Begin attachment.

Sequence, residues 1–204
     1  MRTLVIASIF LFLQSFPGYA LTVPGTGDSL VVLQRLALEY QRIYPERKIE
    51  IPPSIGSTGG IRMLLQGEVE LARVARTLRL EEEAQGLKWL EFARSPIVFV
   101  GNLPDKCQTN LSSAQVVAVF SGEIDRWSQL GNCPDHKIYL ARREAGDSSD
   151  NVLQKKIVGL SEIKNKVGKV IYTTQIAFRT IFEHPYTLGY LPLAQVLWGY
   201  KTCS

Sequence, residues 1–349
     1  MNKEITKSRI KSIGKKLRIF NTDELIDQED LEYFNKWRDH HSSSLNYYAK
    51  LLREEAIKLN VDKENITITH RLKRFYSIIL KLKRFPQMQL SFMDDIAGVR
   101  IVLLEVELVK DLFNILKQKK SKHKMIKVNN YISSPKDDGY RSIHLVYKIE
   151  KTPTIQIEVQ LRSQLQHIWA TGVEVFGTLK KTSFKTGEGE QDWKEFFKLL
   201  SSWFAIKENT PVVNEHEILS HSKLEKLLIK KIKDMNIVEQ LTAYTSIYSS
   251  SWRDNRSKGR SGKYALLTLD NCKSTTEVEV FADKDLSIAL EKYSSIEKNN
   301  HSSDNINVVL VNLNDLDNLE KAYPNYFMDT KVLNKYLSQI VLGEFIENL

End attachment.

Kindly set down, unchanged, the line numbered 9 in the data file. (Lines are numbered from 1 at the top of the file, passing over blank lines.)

    51  LLREEAIKLN VDKENITITH RLKRFYSIIL KLKRFPQMQL SFMDDIAGVR